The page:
Page last updated at 13:32 GMT, Sunday, 25 January 2004

Profile: Mikheil Saakashvili

Mikhail Saakashvili
Saakashvili: People's hero or demagogue?
Georgia's new president - who led protests that swept Eduard Shevardnadze from office - has vowed to turn his poverty-stricken country into a prosperous western-leaning state.

Mikheil Saakashvili, 36, has built himself the reputation of a crusader against corruption and an enemy of poverty.

Opinion polls suggest he has been the country's most popular politician for the last two years, and he appeared to have achieved a landslide victory in the 4 January election.

But critics describe him as a demagogue and a populist with a strong lust for power.

Mr Saakashvili is proud of his own achievements, which he believes qualify him to deal with his country's problems.

"We need to deal with that mess as soon as possible," he told French news agency AFP.

"I am ready to deal with that mess."

Groomed for power

He studied in Ukraine and France, before attending Columbia University law school in the United States. He was later hired by a New York-based law firm.

This explains why - in addition to his native Georgian - the new president speaks fluent English, French, Ukrainian and Russian.

Mr Saakashvili - whose supporters affectionately call him Misha - has a young son and a Dutch wife, Sandra.

Woman with poster of Saakashvili
Saakashvili has ridden a wave of popular discontent

He always intended to return to Georgia, and in October 2000 was appointed justice minister by the then president Eduard Shevardnadze.

Mr Shevardnadze began grooming the young lawyer for power, but Mr Saakashvili found it hard to stomach what he saw as corruption and cronyism in Georgia's leadership.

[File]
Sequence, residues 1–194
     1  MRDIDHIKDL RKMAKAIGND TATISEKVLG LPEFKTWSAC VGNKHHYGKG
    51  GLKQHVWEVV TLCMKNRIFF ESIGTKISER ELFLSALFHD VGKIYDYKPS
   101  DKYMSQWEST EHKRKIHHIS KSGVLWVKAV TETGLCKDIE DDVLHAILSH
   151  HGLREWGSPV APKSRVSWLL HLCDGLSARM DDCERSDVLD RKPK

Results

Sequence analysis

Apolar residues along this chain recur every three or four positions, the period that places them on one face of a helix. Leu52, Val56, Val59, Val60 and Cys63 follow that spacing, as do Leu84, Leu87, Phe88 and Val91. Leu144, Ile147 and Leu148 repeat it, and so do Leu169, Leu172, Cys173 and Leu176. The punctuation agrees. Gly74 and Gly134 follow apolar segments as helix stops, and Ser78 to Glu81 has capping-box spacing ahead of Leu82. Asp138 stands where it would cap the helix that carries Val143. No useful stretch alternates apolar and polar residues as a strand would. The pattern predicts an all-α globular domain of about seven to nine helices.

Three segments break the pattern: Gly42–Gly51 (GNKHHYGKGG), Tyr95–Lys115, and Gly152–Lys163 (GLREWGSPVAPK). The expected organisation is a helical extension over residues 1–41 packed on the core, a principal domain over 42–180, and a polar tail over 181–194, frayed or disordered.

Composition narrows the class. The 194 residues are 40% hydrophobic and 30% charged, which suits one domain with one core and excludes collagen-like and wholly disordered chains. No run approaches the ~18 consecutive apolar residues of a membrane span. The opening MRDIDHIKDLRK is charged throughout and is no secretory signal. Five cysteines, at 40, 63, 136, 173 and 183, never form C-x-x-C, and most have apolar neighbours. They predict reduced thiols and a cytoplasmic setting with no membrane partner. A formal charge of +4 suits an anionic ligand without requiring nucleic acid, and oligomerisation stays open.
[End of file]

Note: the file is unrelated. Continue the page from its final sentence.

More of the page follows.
He caused uproar at a cabinet meeting by producing documents which he said showed fellow ministers had acquired expensive villas from the proceeds of crooked deals.

By 2002 he had resigned, saying he considered it immoral to remain a member of the government.

He formed an opposition party, the National Movement, and was elected head of the city council of the capital Tbilisi - home to one-third of Georgia's residents.

From this power base, he attempted to establish himself as a man of action, impressing many by fixing leaky roofs and broken lifts.


He harnessed popular discontent and saw in November's parliamentary elections an opportunity to make his mark nationally.

When the elections became tainted by allegations of fraud, he organised daily protests against the government, building up a head of steam which led eventually to the storming of parliament and Mr Shevardnadze's resignation.

But while Mr Saakashvili has vigorously pursued his goal of radical change and a "velvet revolution", he appears to retain an affection for his former mentor.

Speaking of a recent meeting with Mr Shevardnadze, he said: "I told him, with great pain... Look Mr President, you had a great chance to become the founding father of a new Georgian nation, and you missed it."

And when the end finally came, he described Mr Shevardnadze's resignation as a "courageous act". "History will judge him kindly," he said as the jubilant crowds celebrated.

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President-elect Mikheil Saakashvili
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